Thursday, December 30, 2004

BREAKING NEWS: New Year's Eve Breakthrough--maybe

Breaking Down the House

The most frustrating experience for a genealogist (or anyone else, come to think of it) is to run smack head-long into a brick wall. Genealogical brick walls are those mysterious deadends that seem to make one's research goals impossible to attain. They're frustrating because we know somebody must know the key to the riddle--but who? Where? When? And why, for goodness' sake?! Of course, part of the problem is that most genealogists are obsessive-compulsive Type A characters who don't know when to let go. Yes, I'm talking about me (see Resistance is Futile ).
So I've had my share of head-banging in this endeavor (see The Magnificent Blogcession ). The most intriguing, and therefore the most perplexing, problem has been to ferret out the paternity of a key ancestor, Otis Manson, born in Hootenville, Upson County, Georgia, c. 1871.


Perhaps the only thing more frustrating than hitting a brick wall is the sudden realization that the path through or around it may have been apparent all along had one only paid a little attention to detail. So for months, I'd been staring at the 1880 census of Hootenville, Georgia. Right there on the first page it says:

1 1 BIRDSONG, GEO. P. M W S 38 Farmer

2 2 MANSON, MAT F Mu S 30 Servant, House
- - ---------, OTIS M Mu S 9 At Home
- - McCRARY, ELIZA F B S 18 Farm Laborer

3 3 DAWSON, ELLEN F B S 22 Farm Laborer
- - ---------, JOHNSON M Mu S 5 At Home
- - ---------, HORACE M B S 3 At Home
- - ---------, FANNIE F B S 20 Farm Laborer
- - --------, MAT F B S 3 At Home

To decipher that: At the second household in the neighborhood (2), which was also the second household visited by the enumerator (2), the enumerator recorded that he found "Mat" (Matilda) Manson, a female (F), mulatto (Mu), who was unmarried (S) and thirty years old (30). [Age in the 19th century censuses is often an estimate or a guess. With no government records, limited literacy, and few compelling reasons to know one's exact age, enumerators and citizens sometimes missed the mark by as much as a decade. In this case for example, we know that Matilda was older than thirty in 1880, because she is listed as six years old on the 1850 census of Talbot County]. She was a household servant.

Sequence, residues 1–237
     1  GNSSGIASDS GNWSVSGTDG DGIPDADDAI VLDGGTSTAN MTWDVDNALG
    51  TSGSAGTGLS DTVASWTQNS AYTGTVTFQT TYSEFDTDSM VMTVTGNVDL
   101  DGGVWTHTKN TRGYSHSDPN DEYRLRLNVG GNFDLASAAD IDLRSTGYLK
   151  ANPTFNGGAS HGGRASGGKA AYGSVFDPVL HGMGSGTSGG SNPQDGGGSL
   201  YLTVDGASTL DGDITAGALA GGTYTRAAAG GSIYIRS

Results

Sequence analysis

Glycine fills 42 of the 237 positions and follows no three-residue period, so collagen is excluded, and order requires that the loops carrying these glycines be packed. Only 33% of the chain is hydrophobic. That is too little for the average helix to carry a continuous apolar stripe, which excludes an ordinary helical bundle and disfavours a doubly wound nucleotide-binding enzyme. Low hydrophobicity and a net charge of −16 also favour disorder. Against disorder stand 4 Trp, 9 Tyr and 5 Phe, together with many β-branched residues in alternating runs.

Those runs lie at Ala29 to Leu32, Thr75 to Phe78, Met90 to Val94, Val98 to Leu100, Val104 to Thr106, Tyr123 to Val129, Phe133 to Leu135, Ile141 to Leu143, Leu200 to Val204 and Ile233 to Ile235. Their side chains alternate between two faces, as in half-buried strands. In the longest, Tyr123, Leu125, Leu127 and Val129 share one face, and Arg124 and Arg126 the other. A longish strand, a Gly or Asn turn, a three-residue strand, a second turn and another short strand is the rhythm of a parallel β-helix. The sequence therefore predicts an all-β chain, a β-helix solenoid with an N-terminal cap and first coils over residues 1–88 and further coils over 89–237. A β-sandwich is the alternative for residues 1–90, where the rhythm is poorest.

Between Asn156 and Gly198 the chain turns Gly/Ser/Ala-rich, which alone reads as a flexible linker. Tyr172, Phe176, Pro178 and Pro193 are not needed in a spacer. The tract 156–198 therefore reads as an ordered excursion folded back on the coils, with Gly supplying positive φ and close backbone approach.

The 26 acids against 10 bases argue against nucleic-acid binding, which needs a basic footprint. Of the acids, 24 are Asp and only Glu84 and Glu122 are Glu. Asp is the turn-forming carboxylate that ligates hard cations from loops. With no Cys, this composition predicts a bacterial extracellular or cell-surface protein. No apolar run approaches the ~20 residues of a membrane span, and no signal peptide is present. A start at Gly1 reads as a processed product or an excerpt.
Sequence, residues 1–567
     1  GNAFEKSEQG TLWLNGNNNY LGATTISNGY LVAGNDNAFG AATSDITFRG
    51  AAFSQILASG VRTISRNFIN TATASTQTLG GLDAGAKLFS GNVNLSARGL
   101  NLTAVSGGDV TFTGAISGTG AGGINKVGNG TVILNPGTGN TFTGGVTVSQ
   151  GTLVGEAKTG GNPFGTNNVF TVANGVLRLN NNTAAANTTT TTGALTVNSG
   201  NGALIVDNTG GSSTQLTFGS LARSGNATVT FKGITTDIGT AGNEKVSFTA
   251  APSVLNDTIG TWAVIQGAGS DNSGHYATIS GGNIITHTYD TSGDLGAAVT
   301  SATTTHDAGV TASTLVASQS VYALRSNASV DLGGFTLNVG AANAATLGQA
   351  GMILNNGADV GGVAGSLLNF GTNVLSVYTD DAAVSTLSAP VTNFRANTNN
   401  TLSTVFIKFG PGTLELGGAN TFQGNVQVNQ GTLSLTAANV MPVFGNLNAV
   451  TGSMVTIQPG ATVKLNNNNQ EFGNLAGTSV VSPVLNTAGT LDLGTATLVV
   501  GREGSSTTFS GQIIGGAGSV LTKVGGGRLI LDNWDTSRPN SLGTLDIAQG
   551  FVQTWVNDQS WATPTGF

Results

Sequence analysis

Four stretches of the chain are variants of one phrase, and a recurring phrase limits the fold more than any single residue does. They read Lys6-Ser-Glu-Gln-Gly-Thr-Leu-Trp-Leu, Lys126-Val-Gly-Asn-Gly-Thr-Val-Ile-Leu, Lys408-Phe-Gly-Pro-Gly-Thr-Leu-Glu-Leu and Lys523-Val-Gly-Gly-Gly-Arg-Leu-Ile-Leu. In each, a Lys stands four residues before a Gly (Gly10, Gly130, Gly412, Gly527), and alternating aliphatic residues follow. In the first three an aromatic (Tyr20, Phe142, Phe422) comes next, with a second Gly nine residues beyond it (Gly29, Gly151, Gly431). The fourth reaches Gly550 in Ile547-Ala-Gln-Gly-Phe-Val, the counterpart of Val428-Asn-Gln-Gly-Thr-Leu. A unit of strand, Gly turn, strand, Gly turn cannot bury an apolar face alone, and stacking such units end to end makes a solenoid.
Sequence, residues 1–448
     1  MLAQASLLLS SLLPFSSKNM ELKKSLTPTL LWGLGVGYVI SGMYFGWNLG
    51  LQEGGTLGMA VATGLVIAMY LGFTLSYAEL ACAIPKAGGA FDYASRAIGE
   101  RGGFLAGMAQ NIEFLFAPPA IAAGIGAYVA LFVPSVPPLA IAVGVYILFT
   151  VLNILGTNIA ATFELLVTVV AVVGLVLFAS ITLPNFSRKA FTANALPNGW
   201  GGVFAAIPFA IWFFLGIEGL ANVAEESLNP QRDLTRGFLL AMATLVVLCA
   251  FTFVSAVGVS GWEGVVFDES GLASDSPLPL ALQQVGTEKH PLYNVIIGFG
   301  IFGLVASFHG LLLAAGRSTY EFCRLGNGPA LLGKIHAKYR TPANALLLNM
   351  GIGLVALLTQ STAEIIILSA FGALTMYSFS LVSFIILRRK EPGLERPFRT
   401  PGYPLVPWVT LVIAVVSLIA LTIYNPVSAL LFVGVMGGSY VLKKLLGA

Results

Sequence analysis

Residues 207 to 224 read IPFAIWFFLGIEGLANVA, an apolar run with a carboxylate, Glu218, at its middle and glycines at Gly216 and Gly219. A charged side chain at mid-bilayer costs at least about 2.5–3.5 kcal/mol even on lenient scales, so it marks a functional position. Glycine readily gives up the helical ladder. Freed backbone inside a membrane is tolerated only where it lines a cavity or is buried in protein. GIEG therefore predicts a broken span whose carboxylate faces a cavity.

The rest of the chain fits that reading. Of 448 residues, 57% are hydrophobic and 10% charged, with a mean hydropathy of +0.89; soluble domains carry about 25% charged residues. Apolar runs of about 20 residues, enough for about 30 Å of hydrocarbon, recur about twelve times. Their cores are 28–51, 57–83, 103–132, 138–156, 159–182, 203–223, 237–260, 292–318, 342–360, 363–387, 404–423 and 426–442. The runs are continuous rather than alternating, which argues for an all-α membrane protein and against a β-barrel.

Living with Matilda is her son Otis, age given as nine years [later census records show his birthdate ranging from 1867 to 1876; presumably the 1880 estimate may be closest to correct, having been given by his mother]. Also living with them was 18 year old Eliza McCrary, a black girl who worked on a farm.

"Next door" to Matilda (that is, in the next household in the neighborhood), lived Ellen Dawson, a 22 year old farm worker, and her two sons, Johnson and Horace. Also in that house were Ellen's 20 year old sister, Fannie, and her young daughter, Matilda.

For months, I studied the data about Matilda Manson. Traced back to her native Talbot County, where I learned her mother's name was Jane and her sister's name was Mary. Followed her out to Texas--particularly perplexing because I didn't know why we were going there [see She's Spanish] . Went to Wilkinson County, Georgia, via cyberspace and studied the large Manson family based there. Indeed, I was making plans to travel physically to Georgia, when the genealogical epiphany occurred.

Following a Developing Story . . .

It began like this: if Matilda was a household servant, whose household was she serving? If her teenaged ward Eliza McCrary was a farm laborer, just whose farm was she laboring on? And who were the Dawson sisters working for? Well, it's not as if they were commuting anywhere in 1880 in Hootenville, Georgia. What about the farmer who lived "next door" to Matilda and Otis? Maybe they worked for him . . .hmmmm. . . .

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